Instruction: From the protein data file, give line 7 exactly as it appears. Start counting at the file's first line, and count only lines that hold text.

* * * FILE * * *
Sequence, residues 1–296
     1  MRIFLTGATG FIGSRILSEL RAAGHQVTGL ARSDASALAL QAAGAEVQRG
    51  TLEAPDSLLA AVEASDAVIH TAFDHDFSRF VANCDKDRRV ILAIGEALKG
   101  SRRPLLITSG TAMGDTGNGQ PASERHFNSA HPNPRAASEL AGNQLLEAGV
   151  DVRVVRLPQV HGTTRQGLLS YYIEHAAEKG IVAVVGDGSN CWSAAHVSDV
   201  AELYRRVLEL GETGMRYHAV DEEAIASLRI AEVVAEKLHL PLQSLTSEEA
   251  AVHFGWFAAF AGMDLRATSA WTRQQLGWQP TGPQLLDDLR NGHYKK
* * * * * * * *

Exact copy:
   251  AVHFGWFAAF AGMDLRATSA WTRQQLGWQP TGPQLLDDLR NGHYKK